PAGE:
JM I may be wrong in this, but I think, I think twitter could be a proper tool for the mainstream media, in fact again I might be wrong in this, but I'm sure the Guardian, in the same way the Giggs case was tweeted, and I'm sure in the Guardian the Trafigura case was tweeted, and that was one of the key things that brought about what happened there. It is very difficult, I mean, the social networks in general cause us all sorts of worries and difficulties and of course the great thing in the way is of the, you know, TV in the 60s and so on, the great technique is for newspapers to somehow absorb them and turn them to their own advantage. We haven't yet done that, yet in general terms in news media. Clearly twitter etc offers great difficulties for the law as well as for us. I do not know how you, if you were to frame a privacy law, how you can apply that against 10s of 1000s of people who are tweeting names of footballers who are at the centre of super injunctions.

ML I think in February the PCC cleared you of breaching privacy guidelines after you published tweets via the department of transport employee?

JM Oh yes, I'd forgotten about that one

ML And in fact the PCC ruled there was no reasonable expectation of privacy. Do you recall that?

JM I do recall the case now? It was the civil servant wasn't it?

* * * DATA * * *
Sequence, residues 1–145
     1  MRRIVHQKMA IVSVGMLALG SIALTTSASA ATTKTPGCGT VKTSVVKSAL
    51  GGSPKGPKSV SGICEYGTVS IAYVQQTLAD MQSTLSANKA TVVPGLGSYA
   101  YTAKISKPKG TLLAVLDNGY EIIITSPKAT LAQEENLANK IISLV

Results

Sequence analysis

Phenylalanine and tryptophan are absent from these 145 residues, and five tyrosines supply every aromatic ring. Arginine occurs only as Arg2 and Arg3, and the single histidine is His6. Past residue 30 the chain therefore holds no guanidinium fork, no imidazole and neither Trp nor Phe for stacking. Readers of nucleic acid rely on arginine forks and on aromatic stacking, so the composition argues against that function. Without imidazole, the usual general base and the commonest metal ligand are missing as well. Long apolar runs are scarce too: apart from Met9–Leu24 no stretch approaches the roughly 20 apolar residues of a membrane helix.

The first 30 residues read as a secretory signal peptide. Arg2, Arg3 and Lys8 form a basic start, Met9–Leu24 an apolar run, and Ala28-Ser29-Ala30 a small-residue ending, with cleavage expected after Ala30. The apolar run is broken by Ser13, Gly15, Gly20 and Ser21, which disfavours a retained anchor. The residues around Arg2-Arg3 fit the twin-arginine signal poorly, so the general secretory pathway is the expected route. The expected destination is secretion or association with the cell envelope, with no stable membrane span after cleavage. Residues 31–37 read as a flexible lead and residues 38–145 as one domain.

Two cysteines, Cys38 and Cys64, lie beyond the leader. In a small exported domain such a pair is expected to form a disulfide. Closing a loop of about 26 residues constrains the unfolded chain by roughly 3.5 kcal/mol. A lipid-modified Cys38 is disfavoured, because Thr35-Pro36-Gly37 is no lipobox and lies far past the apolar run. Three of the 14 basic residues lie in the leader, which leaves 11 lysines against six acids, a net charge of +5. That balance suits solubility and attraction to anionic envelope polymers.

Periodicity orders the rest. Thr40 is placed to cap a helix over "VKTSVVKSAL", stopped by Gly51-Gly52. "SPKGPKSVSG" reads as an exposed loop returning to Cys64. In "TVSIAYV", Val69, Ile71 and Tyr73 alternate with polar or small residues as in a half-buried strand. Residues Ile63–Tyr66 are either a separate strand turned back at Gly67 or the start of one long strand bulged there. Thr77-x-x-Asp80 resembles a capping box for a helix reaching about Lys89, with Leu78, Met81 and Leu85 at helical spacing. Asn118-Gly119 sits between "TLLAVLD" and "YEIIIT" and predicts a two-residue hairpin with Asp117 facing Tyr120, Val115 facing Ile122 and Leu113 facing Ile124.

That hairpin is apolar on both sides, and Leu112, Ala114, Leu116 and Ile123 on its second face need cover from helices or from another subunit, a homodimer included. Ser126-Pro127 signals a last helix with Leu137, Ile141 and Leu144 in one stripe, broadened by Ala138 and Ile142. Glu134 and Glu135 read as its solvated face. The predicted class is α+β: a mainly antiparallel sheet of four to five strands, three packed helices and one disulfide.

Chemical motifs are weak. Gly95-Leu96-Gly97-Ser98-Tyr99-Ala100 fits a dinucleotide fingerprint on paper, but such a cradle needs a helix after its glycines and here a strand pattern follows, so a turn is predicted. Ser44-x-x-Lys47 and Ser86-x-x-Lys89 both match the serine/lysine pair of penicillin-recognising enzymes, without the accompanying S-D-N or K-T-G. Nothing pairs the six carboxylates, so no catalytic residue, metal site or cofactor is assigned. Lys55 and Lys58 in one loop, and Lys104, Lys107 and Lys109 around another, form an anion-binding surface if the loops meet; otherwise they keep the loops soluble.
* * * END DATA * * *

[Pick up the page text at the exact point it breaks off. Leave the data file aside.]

ML It was yes. So presumably you were happy with the PCC ruling on that?

JM We were happy with the PCC. We're always happy when PCC rules in our favour, which they have done always.

ML Yes, so you think they have a role there?

JM Well the specific of that case I fail to what her possible complaint could be because if was highly public and it was re-tweeted and she put her own pictures up as I recall and you know, I think she was fair game in that instance. I'm not quite, there may have been, there may be other instances where that wouldn't have applied and we wouldn't have done it but it was clearly relevant to her job of work as well what she was doing.

ML Do you feel that the PCC is performing it's job in the way that you'd expect it to?

JM Well as I said earlier on I've got sympathy for some of the players in this gig. The PCC would be one. I'm sure a familiar refrain that you hear is a complaint about resources in news media these days. It's a much, much more difficult operation now than it was even 10 years ago and certainly 20 years ago. And I think the PCC suffers that in the same way the rest of us suffer. It's clearly not good enough for them to mount an enquiry into the phone hacking allegations against the News of the World and throw their hands up and say well we just couldn't get to the bottom of it. But the problem is they're not terribly well resourced and I do think that's a big problem for them. But not only that, not only are they not terribly resourced, they're pretty much unloved, they're not exactly nurtured within the media world. But I think they do a pretty good job as far as it goes but I'm not it's the job of a full blooded tooth and claw regulator, well it's clearly not. And I don't quite see how you get from here by not being a full blooded regulator to making it one other than a dramatic change of attitude within the industry and I suspect that's quite unlikely.